Europe, Interviews

Vedrana Miholić – Sales Director at CROZ

It is enough if women want to be part of tech world. I am sure they can make it if they just give it a fair try. There are so many different needs we have in our industry and in my opinion we lack diversity. I do not mean (only) gender wise, but mindset wise and educational background wise. Technology is a very transparent field. You are either ready to learn and follow this fast pace of change. Or you are not. 

Vedrana Miholić’s professional background includes almost 20 years of successful and efficient work in different fields ranging from programming to consultancy and management. In the past 8 years, she has been successfully running sales organization at CROZ, Croatian IT Services company focused on developing sustainable tech solutions for complex environments. Vedrana is well known in public for advocating for coding and STEM education for kids and supporting and empowering women to study and work in tech. She is the founder and president of NGO Programerko which provides Scratch courses for children and an eSkillsforJobs Ambassador. In 2016 she became a Member of Advisory Board of Croatian startup STEMI.

In a nutshell, tell us a bit about your job, and what role technology plays in it?

My job is to build bridges between the business needs of our clients and technology solutions our experts’ team can build. I currently serve as Sales Director in CROZ. But over the years I was lucky enough to change different hats in IT.  I started as a programmer, then spent a couple of years being in different roles from system analyst to project manager.  There were even times I spent installing middleware (not very successfully to be honest ☺). At the beginning of my career, I was afraid if I would be able to keep the pace with the ever-changing world of technology. Now I am aware I am addicted to novelty and possibilities that technology shifts keep bringing to our lives.

Where did your professional journey start and how did you get to where you are now?

As I already mentioned I started as most of the young graduates with a computer science degree. I majored in Math but there was not much I could do with Math in that time so it was pretty logical to work as a developer. I loved the job, I felt as if I was playing all day long.

I still often say that I keep on doing the same job my entire life. I solve problems. In the old days I used Visual Basic to do so, today I use English or Croatian. But it is pretty much the same thing.  I was lucky enough to be surrounded by great people, coworkers, and bosses. And it seemed to me that somebody always had an idea what my next career move should be. I feel I never really asked or even wondered what to do next.  Doors would just emerge in front of me and there were people (I am very thankful for) who helped me out in these transitions.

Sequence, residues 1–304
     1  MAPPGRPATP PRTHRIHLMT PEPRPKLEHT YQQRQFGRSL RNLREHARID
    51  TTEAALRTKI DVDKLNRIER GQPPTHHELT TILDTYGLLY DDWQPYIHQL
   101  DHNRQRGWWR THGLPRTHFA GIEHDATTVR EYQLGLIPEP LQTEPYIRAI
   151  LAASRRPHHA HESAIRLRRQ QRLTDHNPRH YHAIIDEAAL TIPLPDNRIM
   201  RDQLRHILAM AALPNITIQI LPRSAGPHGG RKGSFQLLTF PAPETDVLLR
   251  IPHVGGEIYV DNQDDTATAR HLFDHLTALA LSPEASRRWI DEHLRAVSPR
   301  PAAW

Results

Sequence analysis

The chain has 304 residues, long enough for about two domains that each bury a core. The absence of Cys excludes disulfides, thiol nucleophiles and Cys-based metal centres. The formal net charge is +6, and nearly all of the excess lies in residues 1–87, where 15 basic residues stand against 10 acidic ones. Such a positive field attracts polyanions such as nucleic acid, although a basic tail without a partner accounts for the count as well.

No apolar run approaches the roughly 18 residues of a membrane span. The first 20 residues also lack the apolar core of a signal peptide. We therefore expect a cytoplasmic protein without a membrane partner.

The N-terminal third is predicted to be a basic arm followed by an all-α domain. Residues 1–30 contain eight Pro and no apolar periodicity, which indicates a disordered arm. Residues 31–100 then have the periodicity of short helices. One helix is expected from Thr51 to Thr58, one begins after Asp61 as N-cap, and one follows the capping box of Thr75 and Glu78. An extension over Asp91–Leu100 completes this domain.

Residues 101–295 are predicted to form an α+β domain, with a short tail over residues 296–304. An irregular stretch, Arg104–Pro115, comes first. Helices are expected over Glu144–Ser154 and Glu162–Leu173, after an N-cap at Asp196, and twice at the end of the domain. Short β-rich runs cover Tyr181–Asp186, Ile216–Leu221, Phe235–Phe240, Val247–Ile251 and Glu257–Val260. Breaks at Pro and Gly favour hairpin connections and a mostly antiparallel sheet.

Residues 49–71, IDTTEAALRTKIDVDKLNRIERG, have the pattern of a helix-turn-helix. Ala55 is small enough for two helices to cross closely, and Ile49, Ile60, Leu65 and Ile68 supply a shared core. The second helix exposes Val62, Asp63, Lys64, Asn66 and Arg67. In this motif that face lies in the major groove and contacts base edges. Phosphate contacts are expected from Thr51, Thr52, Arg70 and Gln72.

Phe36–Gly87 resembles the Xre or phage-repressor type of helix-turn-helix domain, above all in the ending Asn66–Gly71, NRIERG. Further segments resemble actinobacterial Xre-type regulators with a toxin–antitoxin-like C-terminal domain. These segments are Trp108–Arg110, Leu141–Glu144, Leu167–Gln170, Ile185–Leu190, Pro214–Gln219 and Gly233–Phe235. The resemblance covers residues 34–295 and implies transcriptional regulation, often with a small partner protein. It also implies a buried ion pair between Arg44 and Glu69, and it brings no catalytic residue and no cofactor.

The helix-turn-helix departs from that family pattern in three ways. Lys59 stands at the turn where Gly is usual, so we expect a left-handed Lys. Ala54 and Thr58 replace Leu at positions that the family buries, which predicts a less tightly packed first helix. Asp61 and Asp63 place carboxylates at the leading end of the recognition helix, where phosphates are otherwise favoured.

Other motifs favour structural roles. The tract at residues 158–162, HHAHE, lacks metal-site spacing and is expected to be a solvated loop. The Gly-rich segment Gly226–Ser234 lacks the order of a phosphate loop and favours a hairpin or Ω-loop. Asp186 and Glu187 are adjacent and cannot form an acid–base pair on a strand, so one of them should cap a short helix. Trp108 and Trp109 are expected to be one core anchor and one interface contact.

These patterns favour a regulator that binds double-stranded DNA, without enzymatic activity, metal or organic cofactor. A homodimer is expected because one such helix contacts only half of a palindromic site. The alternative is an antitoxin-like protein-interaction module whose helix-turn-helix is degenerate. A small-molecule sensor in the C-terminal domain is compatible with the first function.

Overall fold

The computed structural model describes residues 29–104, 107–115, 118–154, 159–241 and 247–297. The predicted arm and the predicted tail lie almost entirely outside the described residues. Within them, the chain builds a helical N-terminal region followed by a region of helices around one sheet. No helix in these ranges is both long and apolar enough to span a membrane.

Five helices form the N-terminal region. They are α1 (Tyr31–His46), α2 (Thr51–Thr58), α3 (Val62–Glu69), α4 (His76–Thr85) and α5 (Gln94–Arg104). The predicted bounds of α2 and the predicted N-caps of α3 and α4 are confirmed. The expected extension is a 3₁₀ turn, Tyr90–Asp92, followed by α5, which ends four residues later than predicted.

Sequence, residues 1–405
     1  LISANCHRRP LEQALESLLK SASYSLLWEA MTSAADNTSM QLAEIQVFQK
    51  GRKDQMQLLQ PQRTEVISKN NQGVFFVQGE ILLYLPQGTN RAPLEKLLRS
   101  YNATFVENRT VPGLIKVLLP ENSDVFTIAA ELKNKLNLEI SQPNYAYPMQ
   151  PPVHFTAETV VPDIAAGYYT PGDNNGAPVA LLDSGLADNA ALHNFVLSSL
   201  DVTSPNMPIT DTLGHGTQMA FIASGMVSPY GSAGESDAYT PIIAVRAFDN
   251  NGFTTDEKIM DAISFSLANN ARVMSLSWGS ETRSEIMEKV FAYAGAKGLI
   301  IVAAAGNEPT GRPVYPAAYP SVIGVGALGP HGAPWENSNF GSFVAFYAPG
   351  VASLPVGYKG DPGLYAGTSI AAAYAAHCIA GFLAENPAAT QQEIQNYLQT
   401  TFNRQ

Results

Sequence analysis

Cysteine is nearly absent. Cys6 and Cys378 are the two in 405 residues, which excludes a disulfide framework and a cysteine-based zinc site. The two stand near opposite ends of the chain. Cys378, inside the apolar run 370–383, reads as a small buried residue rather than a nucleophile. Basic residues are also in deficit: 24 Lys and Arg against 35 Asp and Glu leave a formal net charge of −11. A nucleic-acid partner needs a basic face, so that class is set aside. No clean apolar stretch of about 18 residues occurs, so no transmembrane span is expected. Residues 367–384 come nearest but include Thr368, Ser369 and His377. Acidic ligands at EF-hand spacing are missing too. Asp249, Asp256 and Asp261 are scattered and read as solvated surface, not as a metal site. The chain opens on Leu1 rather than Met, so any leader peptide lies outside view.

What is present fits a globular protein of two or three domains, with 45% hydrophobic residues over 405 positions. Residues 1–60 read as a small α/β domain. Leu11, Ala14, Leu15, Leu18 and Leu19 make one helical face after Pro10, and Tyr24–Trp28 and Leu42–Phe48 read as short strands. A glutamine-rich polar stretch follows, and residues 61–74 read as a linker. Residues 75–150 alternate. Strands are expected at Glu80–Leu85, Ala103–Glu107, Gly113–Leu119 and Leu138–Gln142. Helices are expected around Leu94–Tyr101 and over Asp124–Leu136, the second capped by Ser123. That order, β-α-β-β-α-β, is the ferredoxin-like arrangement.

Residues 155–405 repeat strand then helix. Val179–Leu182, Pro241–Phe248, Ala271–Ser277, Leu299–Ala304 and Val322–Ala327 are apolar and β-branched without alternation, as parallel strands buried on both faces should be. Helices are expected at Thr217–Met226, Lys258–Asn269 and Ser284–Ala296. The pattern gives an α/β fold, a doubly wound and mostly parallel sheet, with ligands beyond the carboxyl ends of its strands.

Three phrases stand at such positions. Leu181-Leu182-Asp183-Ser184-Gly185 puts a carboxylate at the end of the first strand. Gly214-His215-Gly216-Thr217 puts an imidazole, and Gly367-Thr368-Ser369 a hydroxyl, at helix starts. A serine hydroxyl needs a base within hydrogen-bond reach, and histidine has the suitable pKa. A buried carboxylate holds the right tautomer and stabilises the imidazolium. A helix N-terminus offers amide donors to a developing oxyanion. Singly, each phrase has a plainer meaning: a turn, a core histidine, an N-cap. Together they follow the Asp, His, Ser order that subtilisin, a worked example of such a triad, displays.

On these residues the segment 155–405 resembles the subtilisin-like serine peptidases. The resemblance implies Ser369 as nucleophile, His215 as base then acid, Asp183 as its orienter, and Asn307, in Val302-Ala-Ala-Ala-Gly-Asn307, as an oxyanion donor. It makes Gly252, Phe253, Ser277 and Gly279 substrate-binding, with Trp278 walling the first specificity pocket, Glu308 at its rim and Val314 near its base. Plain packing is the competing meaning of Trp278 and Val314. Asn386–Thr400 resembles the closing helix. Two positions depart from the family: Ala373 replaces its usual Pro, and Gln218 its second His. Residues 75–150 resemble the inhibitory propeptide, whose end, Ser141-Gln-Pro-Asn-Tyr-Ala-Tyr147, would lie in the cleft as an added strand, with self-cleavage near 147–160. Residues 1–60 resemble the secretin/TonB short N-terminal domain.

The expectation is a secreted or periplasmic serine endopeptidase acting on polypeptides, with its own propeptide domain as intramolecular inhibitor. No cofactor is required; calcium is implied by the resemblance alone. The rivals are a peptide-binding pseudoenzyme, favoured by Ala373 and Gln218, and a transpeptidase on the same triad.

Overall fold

I was lucky enough to be surrounded by great people, coworkers, and bosses. And it seemed to me that somebody always had an idea what my next career move should be.

What is the greatest transformation in technology you’ve witnessed in your career?

It is hard to say because I am old enough to remember pre-internet or pre-mobile era.  And it is hard to weight on what is more disruptive. It is often not the state of the art technology that changes everything, but the smart use of any given technology. From my perspective most of trendy technology we are all following these days like AI, IoT or Cloud came one step at the time. I see most of these technologies evolutionary not revolutionary. But as I mentioned being able to fit them to the perfect business use is magic and it can lead to real disruption of markets and maybe even society.

What has been your most challenging project so far and why?

The most challenging projects are always the ones that are still ongoing.  My soft spot is definitely uncertainty. And although it is a vital part of my job, uncertainty is a major challenge for me.

I do not mean the risks we face or fear of failure. But I find it difficult when I am not able to predict the possible outcomes.  For example, penetrating new markets, especially if you are not too familiar with cultures in new countries. Or building a new product for a business segment that is still too fresh and the market is not mature enough.